and with no answer, turned away from you—
as you have asked of me—to beg some clue—
as if words haven’t become a kind of gaunt-
let flung between us. And our silence, too.
And even as we test, and tease, and flaunt
our force and stubbornness and bear the brunt
of this, it’s what we always seem to do
instead of soft persuasion. We’re so new
at love: we bait, we guard, we vex, we taunt.
Thus do we share our bitter ways to haunt
each other’s upset lives. I guess it’s true:
It’s hard to risk—much less entrust—a pledge.
Love is a game with such a fragile edge.



It is not so much the expectation
as how things are:
cruelty comes first, and after.

What is left is in-between.
There is always one who will fail the other.
No equality here to make things easy.

There is a suffering to know. And disillusion.
If you can master these, you may
get through—value your scars—

show them proudly to each other—
even touch them lovingly,
and bless survival.

—Joyce Odam


Our thanks to Joyce for the poems and pix today! Joyce also has a poem in the new WTF which premiered last Thursday night at Luna's Cafe and is now available for free at The Book Collector, 1008 24th St., Sac. Also appearing in this issue are Sage Alejandra, Bill Gainer, Patti Smith, Evan Myquest, Annie Menebroker, Amy Anne, JoAnn Anglin, David Houston, Trina Drotar, Patricia Hickerson, Bonnie Antonini, Josh Fernandez, Max West, Ed Tyack, Allegra Silberstein, Kelly Ann Conway, Sandy Thomas, Beth Lisick, Kristin Hersh and David Narcizzo, Jennifer Miro, Rachel Leibrock and frank andrick. Cynthia Linville also has a poem in there, entitled "The Wages of Sin", which we have stolen for this week's Seed of the Week. In the past, we've had "My Favorite Sin" and "Seven Deadly Virtues", but we've never had to pay for any of it. So here we are, with our thanks to Cynthia:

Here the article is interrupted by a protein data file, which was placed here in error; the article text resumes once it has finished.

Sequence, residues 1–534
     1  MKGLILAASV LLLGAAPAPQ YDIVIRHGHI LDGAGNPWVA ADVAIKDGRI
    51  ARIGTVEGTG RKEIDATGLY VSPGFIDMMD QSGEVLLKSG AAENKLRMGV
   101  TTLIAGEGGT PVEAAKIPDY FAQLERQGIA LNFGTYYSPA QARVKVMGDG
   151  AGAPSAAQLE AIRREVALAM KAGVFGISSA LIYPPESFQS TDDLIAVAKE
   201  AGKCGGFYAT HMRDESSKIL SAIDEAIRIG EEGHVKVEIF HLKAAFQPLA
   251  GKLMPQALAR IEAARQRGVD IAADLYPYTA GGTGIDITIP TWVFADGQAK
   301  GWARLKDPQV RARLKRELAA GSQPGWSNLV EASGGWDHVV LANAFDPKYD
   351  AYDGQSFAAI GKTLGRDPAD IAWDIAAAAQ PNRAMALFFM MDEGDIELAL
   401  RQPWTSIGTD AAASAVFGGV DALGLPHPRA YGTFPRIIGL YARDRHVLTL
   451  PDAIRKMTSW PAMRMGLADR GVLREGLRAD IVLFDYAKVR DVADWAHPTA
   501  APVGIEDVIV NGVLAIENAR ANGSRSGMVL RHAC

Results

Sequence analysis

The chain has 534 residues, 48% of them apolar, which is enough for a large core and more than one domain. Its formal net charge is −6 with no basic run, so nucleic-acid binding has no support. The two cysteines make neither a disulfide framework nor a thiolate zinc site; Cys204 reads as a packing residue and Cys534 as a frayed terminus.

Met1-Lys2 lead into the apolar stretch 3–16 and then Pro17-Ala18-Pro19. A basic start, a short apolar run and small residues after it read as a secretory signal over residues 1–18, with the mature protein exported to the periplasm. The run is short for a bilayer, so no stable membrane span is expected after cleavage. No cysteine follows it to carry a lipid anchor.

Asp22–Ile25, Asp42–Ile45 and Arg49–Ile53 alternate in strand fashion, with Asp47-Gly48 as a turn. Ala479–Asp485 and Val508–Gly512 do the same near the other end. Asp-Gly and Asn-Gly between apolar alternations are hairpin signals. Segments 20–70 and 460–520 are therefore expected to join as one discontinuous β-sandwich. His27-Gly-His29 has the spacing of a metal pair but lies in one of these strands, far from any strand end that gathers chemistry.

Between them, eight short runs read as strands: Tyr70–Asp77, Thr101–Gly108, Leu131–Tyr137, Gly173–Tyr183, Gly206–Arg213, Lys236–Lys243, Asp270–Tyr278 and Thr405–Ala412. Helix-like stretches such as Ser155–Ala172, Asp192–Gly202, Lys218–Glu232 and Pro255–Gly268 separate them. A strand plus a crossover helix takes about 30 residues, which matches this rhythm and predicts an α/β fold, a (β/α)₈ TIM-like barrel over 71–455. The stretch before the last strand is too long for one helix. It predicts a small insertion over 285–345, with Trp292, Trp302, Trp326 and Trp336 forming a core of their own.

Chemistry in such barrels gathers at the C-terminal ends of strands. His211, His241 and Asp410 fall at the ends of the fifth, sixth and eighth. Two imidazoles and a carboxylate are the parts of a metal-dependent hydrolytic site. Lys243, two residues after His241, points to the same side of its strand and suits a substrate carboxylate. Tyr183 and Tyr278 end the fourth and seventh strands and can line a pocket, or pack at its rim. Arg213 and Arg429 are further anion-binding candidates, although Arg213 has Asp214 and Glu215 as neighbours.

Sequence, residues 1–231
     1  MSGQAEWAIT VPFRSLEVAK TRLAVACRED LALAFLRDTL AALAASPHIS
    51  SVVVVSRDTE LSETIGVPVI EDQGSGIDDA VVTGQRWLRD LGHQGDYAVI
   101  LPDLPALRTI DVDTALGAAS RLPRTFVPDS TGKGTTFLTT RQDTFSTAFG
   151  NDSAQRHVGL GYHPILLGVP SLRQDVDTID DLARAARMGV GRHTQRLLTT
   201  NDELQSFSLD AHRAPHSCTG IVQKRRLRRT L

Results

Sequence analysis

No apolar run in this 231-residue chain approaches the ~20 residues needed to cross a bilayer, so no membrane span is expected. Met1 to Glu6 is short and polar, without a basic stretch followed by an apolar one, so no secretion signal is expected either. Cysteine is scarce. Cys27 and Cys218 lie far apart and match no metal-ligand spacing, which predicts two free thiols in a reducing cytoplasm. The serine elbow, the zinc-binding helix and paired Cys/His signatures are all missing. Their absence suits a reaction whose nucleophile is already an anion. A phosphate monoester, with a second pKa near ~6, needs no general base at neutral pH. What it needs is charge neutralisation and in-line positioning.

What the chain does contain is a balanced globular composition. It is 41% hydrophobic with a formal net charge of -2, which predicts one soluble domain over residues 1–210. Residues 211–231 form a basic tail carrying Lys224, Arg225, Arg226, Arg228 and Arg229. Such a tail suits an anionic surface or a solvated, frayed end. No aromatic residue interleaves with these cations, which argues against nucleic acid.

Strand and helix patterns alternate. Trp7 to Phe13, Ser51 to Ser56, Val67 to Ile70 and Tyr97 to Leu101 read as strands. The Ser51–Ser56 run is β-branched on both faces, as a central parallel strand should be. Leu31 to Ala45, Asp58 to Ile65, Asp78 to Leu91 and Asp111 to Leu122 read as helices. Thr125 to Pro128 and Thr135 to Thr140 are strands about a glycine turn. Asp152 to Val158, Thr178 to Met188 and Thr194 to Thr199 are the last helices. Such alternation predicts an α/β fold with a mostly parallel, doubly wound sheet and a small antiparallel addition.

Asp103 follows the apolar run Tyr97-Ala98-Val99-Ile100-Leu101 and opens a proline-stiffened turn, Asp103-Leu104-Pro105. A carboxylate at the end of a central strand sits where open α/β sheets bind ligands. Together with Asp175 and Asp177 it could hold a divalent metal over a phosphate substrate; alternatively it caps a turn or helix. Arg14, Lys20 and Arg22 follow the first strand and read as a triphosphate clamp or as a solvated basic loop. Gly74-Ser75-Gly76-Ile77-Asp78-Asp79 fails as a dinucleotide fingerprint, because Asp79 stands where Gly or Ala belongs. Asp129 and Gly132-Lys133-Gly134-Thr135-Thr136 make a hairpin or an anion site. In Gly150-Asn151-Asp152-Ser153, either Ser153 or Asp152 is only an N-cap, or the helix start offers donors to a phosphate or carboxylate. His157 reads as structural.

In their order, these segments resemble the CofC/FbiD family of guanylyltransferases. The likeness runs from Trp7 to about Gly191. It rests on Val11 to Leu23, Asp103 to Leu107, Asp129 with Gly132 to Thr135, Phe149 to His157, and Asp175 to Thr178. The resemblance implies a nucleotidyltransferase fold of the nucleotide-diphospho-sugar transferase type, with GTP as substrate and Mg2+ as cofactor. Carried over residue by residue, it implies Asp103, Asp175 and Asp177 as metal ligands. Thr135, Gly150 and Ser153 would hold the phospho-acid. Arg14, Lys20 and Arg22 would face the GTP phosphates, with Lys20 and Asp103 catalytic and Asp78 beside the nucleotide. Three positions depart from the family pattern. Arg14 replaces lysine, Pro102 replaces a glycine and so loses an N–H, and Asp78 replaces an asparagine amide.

—Cynthia Linville, Sacramento

You are lost in her fleshy dancing
lost in the feathers slapping her thigh
her stiletto spike on the chair
between your knees.
Your guilt is barefooted
and in shame you think of fig leaves
as you slip green into her G-string.
With the barest nod
she beckons you into the back
where your best intentions collapse into
smoky silk, garish caresses, open throats.
Your throttling peak subsides
into icy shudders
leaving you wandering
this labyrinthine catacomb
looking for the way out.


Send your penitent musings (well, it IS the beginning of Lent—) to kathykieth@hotmail.com. No deadlines on SOWs (or N-SOWs—see the green board at the right of this); go to Calliope's Closet under the Snake on a Rod (again, on the green board) for all the SOWs of the past (hey—we changed the arrangement of things over there, just to rattle our cages a little bit!). And don't forget to check out Cynthia's Mardi Party "photo album" on Medusa's Facebook page for Fat Tuesday!


Today's LittleNip: 


came through my life and left a wound
       for memory,
and left a love—bitter and sweet—
      and went away

and left a sleep to fill with dreams
      that wreathed
like smoke—and turned to pleasure—
     and to pain;

one who was love—composite now—
    became unreal—
was never real         was never love

—Joyce Odam 



 Clown on Blue
—Photo by Joyce Odam